By Charlie Schmidt
The prostate-specific antigen (PSA) test can generate more questions than answers. If your level is high, it could mean that your prostate is enlarged or infected. It could mean that you have prostate cancer. It could also mean that your prostate gland is healthy, since normal PSA levels vary widely from one man to another. Because of this variability, PSA tests often lead to prostate biopsies among men who don’t have cancer. That’s why doctors would prefer that only men at high risk for prostate cancer have PSA tests. A study published this month in the journal European Urology suggests that men who have defects in a cancer-suppressing gene known as BRCA are at high risk for aggressive prostate tumors, and so could benefit from PSA testing.
The BRCA gene comes in two forms, BRCA1 and BRCA2. Both make proteins that repair the genetic damage that all cells experience thousands of times a day. When these genes carry the wrong code, they don’t work as intended. This miscoding can be passed from one generation to another. “Bad” BRCA genes (BRCA-positive) lose their DNA-fixing ability. As a result, genetic damage can accumulate to the extent that healthy cells turn cancerous.
In women, miscoded BRCA genes are well-known risk factors for breast and ovarian cancer. This new study shows that they can also pose problems for men. The authors of the study recommend that men with miscoded BRCA genes have routine PSA tests.
“PSA might detect early stage cancers in these men while they’re still curable,” says William Isaacs, Ph.D., a professor of urology at Johns Hopkins University School of Medicine in Baltimore, who was not involved in the study.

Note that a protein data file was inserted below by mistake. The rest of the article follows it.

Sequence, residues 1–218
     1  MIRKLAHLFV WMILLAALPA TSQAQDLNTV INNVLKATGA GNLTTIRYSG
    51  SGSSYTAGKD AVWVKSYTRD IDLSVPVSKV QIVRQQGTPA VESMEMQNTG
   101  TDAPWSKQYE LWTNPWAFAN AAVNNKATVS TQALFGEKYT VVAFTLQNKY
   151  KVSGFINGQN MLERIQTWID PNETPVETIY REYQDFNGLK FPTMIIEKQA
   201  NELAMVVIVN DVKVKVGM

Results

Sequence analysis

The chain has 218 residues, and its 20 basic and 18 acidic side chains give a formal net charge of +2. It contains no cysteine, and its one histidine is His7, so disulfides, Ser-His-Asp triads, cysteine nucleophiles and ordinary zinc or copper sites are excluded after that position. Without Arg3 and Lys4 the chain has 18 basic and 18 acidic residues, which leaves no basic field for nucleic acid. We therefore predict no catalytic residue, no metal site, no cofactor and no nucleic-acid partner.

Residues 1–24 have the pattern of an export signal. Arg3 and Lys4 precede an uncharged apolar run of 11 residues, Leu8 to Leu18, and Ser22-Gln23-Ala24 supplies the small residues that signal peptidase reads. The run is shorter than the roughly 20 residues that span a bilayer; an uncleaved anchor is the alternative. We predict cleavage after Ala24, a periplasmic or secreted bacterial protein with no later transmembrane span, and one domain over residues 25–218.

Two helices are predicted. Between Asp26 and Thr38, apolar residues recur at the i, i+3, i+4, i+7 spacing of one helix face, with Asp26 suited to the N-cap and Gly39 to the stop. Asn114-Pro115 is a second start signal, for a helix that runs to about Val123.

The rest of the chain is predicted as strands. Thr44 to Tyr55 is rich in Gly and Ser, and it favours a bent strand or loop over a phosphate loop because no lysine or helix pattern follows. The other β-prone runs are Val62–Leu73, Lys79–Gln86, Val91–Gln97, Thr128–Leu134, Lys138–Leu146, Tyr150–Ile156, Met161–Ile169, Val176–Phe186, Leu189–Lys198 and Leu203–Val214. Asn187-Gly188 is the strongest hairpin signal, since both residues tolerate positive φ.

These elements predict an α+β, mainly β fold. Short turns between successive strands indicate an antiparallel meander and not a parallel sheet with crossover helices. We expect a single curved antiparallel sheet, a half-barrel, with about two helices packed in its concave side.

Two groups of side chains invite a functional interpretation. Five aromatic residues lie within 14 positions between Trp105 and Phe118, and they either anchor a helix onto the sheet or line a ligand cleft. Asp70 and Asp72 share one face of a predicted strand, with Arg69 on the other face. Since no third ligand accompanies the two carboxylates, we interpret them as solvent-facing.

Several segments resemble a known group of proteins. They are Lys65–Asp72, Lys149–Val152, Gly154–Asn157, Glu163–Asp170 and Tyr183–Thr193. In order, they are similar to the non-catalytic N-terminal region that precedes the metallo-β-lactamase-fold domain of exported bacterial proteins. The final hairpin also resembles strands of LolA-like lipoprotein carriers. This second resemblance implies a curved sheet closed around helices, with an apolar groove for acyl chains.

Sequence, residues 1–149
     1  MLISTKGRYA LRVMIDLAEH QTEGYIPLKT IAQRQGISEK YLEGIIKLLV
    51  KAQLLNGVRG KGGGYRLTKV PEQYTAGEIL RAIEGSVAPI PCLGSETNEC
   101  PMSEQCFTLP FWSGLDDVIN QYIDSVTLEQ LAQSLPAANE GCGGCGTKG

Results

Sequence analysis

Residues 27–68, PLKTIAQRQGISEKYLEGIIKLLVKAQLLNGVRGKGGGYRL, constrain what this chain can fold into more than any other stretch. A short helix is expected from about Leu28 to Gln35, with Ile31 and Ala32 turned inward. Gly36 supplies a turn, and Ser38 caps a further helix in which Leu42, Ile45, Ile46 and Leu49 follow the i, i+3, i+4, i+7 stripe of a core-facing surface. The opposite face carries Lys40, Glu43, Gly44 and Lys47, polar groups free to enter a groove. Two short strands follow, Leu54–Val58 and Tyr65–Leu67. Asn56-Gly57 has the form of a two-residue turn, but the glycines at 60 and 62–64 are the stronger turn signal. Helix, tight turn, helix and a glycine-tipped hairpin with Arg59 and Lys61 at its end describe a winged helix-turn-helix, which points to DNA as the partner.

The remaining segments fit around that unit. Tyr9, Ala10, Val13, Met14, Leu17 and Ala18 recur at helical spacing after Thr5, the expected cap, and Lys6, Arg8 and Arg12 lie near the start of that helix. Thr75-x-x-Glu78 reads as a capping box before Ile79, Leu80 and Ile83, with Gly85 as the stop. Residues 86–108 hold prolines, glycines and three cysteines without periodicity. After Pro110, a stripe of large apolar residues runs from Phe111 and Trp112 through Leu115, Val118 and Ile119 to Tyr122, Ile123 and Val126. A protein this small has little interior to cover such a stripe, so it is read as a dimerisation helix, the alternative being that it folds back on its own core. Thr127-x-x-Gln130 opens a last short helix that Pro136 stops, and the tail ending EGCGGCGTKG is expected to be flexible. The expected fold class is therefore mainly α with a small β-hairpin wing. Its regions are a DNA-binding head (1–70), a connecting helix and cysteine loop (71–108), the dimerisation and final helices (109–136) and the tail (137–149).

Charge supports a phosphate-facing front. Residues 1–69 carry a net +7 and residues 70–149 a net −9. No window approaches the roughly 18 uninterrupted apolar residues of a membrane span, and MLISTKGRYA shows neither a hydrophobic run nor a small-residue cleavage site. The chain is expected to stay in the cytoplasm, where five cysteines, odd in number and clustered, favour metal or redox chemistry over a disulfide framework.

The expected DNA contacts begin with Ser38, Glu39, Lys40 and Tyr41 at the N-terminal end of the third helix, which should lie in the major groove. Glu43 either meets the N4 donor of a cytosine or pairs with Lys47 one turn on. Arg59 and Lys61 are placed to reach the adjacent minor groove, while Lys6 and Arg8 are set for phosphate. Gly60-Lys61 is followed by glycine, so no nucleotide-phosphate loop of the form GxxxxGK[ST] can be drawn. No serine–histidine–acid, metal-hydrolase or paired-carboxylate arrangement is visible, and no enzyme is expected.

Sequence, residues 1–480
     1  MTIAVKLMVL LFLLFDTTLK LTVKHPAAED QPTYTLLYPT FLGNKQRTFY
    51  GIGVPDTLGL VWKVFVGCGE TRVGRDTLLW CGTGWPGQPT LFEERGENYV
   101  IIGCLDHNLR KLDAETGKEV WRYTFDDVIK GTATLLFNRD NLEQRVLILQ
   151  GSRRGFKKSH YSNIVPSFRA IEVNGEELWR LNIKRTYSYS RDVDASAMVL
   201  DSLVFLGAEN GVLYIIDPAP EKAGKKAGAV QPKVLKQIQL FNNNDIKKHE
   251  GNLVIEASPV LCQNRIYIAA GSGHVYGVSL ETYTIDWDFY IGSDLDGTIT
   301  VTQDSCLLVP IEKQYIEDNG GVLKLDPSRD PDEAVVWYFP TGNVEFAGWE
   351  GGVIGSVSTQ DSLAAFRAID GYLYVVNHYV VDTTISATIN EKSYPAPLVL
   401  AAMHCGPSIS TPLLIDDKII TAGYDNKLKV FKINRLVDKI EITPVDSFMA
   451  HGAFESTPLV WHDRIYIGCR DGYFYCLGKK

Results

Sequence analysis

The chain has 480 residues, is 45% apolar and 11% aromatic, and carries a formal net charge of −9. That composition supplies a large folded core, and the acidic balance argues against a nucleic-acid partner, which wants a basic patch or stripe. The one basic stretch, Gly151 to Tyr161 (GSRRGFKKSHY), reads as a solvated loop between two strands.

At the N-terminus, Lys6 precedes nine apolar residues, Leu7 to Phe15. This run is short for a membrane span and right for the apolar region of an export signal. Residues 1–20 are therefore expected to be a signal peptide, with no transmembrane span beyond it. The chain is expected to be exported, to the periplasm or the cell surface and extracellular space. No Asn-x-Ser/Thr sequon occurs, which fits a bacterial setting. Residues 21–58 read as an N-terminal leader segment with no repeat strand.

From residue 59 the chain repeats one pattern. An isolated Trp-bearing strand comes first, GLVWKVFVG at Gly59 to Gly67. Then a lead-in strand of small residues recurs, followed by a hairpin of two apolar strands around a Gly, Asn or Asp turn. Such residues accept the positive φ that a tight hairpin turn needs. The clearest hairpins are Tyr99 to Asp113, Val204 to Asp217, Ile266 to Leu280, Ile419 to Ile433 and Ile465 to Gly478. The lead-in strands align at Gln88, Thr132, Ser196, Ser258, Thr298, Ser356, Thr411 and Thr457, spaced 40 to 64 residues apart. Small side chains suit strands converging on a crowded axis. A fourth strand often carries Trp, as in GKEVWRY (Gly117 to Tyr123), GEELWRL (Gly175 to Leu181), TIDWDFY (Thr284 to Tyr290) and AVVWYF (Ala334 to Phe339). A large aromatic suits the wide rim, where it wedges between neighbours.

An international team of researchers has been following nearly 2,500 men as part of a study called IMPACT. It includes some men with miscoded BRCA genes and others with normal BRCA genes. Of these, 199 had high PSA levels, of whom 162 had prostate biopsies to look for prostate cancer. Biopsies revealed prostate cancer in 59 men. The cancer risk for BRCA-positive men was greater than it was for men with normal BRCA genes. Equally important, men in the BRCA-positive group—especially those with BRCA2 mutations—tended to have more high-grade, aggressive tumors.
What remains unclear is which men should have their BRCA genes checked. Men whose mothers or sisters have or had breast or ovarian cancer might consider BRCA testing. But widespread use of BRCA testing “will require significantly more data,” says prostate cancer specialist Dr. Marc B. Garnick, the Gorman Brothers Professor of Medicine at Harvard Medical School and Beth Israel Deaconess Medical Center, and Editor in Chief of Harvard Medical School’s 2014 Annual Report on Prostate Diseases. “Nevertheless, BRCA information could be useful, especially if it provides for other treatment options for men that might not be considered in its absence.”
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